Genres:

Drama | Romance

Certificate:

Passed | See all certifications »
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Details

Country:

Language:

Release Date:

29 August 1941 (USA)  »

Also Known As:

La vipère  »

Company Credits

Show detailed on  »

Technical Specs

Runtime:

(copyright length)

Sound Mix:

(Western Electric Mirrophonic Recording)

Aspect Ratio:

1.37 : 1
See  »
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Did You Know?

Trivia

Bette Davis and William Wyler fought a great deal during filming. Disagreements ranged from Davis's interpretation of the character (Wyler thought she should be more sympathetic) to the appearance of the house (Davis thought it was far too opulent for a family struggling financially), to her appearance (Wyler thought her white makeup made her look like a Kabuki performer.) Davis eventually walked out of production, but returned when she heard rumors she was going to be replaced by Katharine Hepburn or Miriam Hopkins. See more »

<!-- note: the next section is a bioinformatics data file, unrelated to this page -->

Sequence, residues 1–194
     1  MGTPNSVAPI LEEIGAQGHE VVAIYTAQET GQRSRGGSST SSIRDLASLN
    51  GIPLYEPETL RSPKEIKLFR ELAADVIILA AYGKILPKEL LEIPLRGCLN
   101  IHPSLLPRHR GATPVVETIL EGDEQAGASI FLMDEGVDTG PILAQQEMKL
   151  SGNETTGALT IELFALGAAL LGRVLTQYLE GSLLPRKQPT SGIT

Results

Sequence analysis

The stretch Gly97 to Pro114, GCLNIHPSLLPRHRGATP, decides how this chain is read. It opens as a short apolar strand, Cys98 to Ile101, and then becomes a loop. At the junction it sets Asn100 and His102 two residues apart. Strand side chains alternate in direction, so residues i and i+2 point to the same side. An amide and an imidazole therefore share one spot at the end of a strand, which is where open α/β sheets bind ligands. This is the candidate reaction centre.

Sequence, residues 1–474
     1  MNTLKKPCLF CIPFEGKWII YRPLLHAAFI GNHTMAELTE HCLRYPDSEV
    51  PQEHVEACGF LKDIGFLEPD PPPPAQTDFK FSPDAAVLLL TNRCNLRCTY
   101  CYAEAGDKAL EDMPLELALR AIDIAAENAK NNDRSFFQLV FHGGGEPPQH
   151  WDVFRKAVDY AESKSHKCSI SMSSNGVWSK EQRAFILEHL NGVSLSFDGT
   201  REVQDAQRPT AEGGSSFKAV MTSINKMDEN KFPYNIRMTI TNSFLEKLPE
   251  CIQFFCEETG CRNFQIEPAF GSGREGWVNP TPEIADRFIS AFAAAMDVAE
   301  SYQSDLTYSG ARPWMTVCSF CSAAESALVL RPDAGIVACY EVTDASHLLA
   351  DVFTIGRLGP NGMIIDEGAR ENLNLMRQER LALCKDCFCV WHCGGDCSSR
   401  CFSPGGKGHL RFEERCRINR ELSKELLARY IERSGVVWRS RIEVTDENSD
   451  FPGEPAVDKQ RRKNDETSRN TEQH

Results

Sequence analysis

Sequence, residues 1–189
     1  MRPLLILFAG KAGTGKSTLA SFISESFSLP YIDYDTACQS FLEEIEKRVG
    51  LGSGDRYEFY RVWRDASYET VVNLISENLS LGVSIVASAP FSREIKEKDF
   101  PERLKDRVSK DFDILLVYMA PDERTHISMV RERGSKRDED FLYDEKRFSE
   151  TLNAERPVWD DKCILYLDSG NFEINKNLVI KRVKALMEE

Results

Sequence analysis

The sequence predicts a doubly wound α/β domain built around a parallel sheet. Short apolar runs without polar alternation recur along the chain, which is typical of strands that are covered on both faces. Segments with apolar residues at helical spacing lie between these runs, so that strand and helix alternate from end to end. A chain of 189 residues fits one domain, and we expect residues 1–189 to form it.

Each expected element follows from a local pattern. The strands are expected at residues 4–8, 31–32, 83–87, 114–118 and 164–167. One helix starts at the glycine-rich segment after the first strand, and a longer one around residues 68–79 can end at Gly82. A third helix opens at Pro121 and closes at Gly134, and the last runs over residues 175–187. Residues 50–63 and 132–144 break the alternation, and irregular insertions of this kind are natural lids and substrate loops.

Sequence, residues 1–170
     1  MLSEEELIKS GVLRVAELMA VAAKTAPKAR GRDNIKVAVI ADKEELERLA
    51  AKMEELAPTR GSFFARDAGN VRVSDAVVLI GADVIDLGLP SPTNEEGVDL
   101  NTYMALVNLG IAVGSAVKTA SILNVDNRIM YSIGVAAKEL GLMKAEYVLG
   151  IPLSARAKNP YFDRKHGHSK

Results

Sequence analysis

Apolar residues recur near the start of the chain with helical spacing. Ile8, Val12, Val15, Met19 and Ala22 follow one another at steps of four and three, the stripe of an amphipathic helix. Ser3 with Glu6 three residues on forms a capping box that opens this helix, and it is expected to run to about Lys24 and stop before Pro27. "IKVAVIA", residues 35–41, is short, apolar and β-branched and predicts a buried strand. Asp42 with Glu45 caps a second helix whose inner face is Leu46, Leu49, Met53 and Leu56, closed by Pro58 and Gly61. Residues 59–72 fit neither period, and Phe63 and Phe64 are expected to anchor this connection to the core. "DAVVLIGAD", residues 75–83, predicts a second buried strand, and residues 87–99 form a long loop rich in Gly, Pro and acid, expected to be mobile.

Goofs

(at around 5 mins) When the piano is played the sounds we hear are an octave lower than the hand-positions shown. See more »

Quotes

Regina Giddens: How much more time can you give me?
Ben Hubbard: Horace has refused.
Regina Giddens: He'll change his mind. I'll find a way to make him. How much longer can you wait?
Ben Hubbard: Well, I could wait a few days, but I can't wait a few days. I could, but I can't. Could and can't.
[laughs]
See more »

Connections

Referenced in August: Osage County (2013) See more »

Soundtracks

Rosen aus dem Süden
(uncredited)
Written by Johann Strauss II
See more »

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User Reviews

Watchable study of greed...Davis at her best...
28 March 2004 | by (U.S.A.) – See all my reviews

The only other film I can think of that matches this one for its study of greed is TREASURE OF THE SIERRA MADRE. Both have a rather downbeat and moralistic ending, but here the sudden end to the story comes as a bit of a disappointment. Too bad that William Wyler didn't stress the "loneliness" theme of Bette's character to give more strength to the ending that merely shows her watching her daughter walking away from her in the rain with a young man.